Setbacks plague mission
The Challenger crew was embarking on a routine mission when they entered the spacecraft at Cape Canaveral. By that time there had already been a series of setbacks. NASA had scrambled to meet an ambitious schedule for 1986: In January the space agency announced that it would launch fifteen missions, using all four of its shuttles—Columbia, Challenger,Atlantis, and Discovery—during the next twelve months. The year did not get off to a good start. During the month of January, NASA had to postpone at least seven missions of various shuttles and to abort yet another.
In the days that followed, everyone worked feverishly to prepare the Challenger for a January mission. Challenger had completed its ninth flight in November 1985, slightly more than two months earlier. NASA was under pressure because this mission would involve the much-publicized "Teacher in Space" program. McAuliffe would be broadcasting live satellite reports about space travel to students throughout the world. NASA was also launching the TDRS and the high-priority Spartan-Halley comet research observatory into space. The flight was scheduled to last six days, during which time the Spartan observatory would be recovered from orbit. Because of tight schedule requirements, the Spartan could be orbited no later than January 31.
The Challenger launch was set for January 22, but it was delayed. Additional postponements followed on January 24 and January 25. Then a forecast of bad weather on the 26th held up the flight until Monday the 27th. On this date a further delay was caused by a problem with a hatch bolt. During the night of January 27, the temperature at Cape Canaveral dropped as low as 19°F (-7.2°C). This prompted a late-night meeting of NASA managers and engineers with managers from Morton Thiokol, the government contractor that manufactured the O-rings on the booster rockets. (A booster rocket is fired to propel the spacecraft into space. The booster rocket is built in sections and then strapped onto the shuttle. The rubber O-rings are required to seal the sections together.) The Thiokol engineers were concerned that the O-rings would stiffen in the cold, causing the seal to fail. Since the O-rings had never been tested at low temperatures, the Thiokol managers overruled the engineers. They signed a statement claiming that the boosters were safe for launch at a temperature lower than 53°F (11.6°C).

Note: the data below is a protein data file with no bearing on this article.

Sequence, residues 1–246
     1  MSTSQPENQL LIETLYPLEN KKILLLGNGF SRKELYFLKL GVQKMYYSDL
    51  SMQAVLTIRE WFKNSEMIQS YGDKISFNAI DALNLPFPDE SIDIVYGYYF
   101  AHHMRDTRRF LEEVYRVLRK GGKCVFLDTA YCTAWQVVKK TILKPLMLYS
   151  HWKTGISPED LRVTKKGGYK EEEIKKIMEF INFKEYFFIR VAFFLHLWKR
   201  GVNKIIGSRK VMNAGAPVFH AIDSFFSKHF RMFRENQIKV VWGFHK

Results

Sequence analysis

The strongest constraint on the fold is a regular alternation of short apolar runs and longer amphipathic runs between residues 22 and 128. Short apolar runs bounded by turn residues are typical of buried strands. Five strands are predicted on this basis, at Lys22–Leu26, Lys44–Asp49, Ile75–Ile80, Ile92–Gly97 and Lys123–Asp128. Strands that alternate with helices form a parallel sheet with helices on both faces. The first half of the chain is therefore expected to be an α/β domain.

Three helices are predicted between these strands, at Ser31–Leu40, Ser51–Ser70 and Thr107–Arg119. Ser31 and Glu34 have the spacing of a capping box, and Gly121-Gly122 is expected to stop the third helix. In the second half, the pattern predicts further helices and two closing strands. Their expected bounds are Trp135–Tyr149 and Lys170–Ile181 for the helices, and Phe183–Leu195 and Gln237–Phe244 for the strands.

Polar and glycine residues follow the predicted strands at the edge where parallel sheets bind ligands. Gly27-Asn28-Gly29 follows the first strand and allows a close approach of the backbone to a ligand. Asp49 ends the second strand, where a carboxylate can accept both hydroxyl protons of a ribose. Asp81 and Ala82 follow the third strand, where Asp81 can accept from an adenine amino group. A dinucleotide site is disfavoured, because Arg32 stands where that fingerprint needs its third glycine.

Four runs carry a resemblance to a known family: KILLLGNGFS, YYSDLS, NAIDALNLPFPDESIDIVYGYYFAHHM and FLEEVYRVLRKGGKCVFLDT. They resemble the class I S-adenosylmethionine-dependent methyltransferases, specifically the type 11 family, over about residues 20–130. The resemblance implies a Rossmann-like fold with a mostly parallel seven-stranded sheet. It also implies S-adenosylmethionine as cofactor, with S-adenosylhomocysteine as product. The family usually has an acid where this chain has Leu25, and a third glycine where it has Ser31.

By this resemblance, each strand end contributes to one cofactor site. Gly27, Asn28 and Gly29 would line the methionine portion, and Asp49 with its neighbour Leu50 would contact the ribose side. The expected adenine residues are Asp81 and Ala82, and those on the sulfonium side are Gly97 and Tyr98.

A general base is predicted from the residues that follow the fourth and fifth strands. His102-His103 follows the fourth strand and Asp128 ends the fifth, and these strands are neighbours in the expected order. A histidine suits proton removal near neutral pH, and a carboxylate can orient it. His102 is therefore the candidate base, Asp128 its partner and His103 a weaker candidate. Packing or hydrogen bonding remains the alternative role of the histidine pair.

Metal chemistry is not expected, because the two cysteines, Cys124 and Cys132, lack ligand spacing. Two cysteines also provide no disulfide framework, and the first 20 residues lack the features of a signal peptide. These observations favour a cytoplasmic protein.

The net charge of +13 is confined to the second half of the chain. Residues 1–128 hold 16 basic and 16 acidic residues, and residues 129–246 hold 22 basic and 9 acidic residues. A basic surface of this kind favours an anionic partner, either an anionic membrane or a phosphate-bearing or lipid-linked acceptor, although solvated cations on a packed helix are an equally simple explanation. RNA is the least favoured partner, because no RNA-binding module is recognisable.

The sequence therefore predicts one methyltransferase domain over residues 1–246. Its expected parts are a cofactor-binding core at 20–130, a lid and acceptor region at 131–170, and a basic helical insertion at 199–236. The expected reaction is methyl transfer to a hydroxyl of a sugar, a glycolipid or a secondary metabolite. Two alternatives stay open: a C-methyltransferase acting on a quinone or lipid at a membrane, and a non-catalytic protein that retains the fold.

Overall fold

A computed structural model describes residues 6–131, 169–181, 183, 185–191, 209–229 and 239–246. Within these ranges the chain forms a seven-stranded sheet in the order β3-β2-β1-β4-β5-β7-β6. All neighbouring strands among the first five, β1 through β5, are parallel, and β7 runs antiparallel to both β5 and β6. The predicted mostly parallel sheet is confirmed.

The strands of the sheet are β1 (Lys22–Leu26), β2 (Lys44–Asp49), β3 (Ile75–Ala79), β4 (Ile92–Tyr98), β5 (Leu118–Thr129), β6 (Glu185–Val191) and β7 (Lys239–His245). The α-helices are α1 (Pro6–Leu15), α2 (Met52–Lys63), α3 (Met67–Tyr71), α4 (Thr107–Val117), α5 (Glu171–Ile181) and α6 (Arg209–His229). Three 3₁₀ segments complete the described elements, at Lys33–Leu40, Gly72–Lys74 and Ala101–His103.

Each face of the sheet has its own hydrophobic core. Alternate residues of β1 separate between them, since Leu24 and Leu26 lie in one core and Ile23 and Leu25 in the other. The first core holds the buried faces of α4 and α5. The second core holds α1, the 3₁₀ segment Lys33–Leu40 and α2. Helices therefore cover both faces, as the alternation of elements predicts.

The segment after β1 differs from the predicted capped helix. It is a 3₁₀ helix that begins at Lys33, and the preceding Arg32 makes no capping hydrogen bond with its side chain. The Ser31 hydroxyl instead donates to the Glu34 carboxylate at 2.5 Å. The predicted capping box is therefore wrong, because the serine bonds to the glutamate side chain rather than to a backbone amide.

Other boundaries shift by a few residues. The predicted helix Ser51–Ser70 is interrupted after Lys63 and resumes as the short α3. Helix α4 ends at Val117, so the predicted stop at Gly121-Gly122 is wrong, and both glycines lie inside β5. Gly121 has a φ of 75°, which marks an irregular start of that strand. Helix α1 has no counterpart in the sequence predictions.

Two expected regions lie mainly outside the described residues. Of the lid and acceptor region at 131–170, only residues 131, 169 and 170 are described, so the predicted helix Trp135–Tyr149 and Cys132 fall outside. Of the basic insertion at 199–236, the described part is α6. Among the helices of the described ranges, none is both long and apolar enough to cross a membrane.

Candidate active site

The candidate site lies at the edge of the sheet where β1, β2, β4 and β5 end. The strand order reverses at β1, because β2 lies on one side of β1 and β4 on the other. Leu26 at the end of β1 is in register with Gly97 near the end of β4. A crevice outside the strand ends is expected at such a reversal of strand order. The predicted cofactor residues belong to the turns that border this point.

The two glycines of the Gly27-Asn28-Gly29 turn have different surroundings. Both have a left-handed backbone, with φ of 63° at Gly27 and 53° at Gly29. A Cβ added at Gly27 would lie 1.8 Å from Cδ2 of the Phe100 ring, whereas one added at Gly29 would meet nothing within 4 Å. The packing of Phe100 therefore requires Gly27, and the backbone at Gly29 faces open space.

Commission investigates disaster
Other problems arose on the morning of January 28 because a thin layer of ice had formed on the shuttle and the launch pad. Liftoff was delayed twice because officials at the
site were concerned about icicles potentially breaking off during launch and damaging insulation tiles that protected the shuttle from intense heat as it reentered Earth's atmosphere. Inspection teams examined the Challenger and reported no abnormalities. Countdown proceeded, and at 11:38 a.m. the Challenger lifted off into the blue sky. After two explosions—the first at fifty-four seconds into launch and the second at seventy-three seconds—the shuttle disintegrated, vanishing in a trail of smoke as a crowd on the ground and millions of television viewers throughout the world watched in disbelief. Among the spectators on the ground were McAuliffe's husband and two children and a group of her students.
A few days after the disaster, President Ronald Reagan (1911–2004; served 1981–89) praised the Challenger crew during a televised memorial ceremony at the Johnson Space Center in Houston, Texas. On February 3, 1986, he established a presidential commission to investigate the accident, appointing former secretary of state William B. Rogers (1913–2001) as head. Six weeks after the crash the shuttle's crew module was recovered from the floor of the Atlantic Ocean. The crew members were subsequently buried with full honors. There was considerable speculation about whether they had survived the initial explosion. Evidence gathered later by NASA indicated that they had survived the breakup and separation of the boosters from the shuttle. They had also begun to take emergency action inside the crew cabin. Whether all seven astronauts remained conscious throughout the two-minute, forty-five-second fall into the ocean remains unknown. NASA investigators determined that at least two were breathing from emergency air packs they had activated.